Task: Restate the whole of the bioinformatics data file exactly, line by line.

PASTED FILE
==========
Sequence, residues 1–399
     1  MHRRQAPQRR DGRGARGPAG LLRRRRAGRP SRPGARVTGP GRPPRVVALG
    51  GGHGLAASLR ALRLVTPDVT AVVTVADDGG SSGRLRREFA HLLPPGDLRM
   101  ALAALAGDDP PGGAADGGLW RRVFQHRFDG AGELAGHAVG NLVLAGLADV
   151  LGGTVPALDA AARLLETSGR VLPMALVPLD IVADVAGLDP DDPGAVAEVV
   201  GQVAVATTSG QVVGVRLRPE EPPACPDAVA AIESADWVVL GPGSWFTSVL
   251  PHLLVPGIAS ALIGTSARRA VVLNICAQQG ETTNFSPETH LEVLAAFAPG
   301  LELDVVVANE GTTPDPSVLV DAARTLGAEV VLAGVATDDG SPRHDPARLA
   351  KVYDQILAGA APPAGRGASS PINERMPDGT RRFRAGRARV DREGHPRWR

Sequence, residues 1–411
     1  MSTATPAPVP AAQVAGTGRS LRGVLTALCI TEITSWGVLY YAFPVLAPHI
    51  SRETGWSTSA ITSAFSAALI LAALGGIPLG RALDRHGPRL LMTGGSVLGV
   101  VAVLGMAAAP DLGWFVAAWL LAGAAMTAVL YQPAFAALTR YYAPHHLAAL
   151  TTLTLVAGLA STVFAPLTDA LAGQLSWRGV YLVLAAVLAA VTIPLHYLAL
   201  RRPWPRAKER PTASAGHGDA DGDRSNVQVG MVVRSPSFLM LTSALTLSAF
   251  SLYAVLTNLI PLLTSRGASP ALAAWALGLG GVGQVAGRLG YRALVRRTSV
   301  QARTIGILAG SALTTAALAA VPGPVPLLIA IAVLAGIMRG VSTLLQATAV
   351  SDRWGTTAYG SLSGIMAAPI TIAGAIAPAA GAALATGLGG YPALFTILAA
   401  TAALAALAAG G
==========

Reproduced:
Sequence, residues 1–399
     1  MHRRQAPQRR DGRGARGPAG LLRRRRAGRP SRPGARVTGP GRPPRVVALG
    51  GGHGLAASLR ALRLVTPDVT AVVTVADDGG SSGRLRREFA HLLPPGDLRM
   101  ALAALAGDDP PGGAADGGLW RRVFQHRFDG AGELAGHAVG NLVLAGLADV
   151  LGGTVPALDA AARLLETSGR VLPMALVPLD IVADVAGLDP DDPGAVAEVV
   201  GQVAVATTSG QVVGVRLRPE EPPACPDAVA AIESADWVVL GPGSWFTSVL
   251  PHLLVPGIAS ALIGTSARRA VVLNICAQQG ETTNFSPETH LEVLAAFAPG
   301  LELDVVVANE GTTPDPSVLV DAARTLGAEV VLAGVATDDG SPRHDPARLA
   351  KVYDQILAGA APPAGRGASS PINERMPDGT RRFRAGRARV DREGHPRWR

Sequence, residues 1–411
     1  MSTATPAPVP AAQVAGTGRS LRGVLTALCI TEITSWGVLY YAFPVLAPHI
    51  SRETGWSTSA ITSAFSAALI LAALGGIPLG RALDRHGPRL LMTGGSVLGV
   101  VAVLGMAAAP DLGWFVAAWL LAGAAMTAVL YQPAFAALTR YYAPHHLAAL
   151  TTLTLVAGLA STVFAPLTDA LAGQLSWRGV YLVLAAVLAA VTIPLHYLAL
   201  RRPWPRAKER PTASAGHGDA DGDRSNVQVG MVVRSPSFLM LTSALTLSAF
   251  SLYAVLTNLI PLLTSRGASP ALAAWALGLG GVGQVAGRLG YRALVRRTSV
   301  QARTIGILAG SALTTAALAA VPGPVPLLIA IAVLAGIMRG VSTLLQATAV
   351  SDRWGTTAYG SLSGIMAAPI TIAGAIAPAA GAALATGLGG YPALFTILAA
   401  TAALAALAAG G